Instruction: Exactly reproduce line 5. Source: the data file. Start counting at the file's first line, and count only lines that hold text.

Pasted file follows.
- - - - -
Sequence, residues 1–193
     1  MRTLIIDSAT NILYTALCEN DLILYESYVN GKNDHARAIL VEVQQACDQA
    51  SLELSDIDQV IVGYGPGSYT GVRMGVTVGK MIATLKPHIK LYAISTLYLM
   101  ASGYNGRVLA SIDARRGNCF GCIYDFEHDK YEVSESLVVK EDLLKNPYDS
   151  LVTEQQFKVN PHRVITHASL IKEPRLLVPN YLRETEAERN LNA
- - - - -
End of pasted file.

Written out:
   151  LVTEQQFKVN PHRVITHASL IKEPRLLVPN YLRETEAERN LNA